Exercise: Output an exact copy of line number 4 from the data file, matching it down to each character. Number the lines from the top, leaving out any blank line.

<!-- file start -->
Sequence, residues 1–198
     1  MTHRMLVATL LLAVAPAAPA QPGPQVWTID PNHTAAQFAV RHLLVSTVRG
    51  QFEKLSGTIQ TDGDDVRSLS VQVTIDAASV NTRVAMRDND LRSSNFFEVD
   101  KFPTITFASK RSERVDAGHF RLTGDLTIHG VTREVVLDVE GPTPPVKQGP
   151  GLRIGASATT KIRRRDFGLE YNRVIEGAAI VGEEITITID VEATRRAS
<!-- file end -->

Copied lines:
   101  KFPTITFASK RSERVDAGHF RLTGDLTIHG VTREVVLDVE GPTPPVKQGP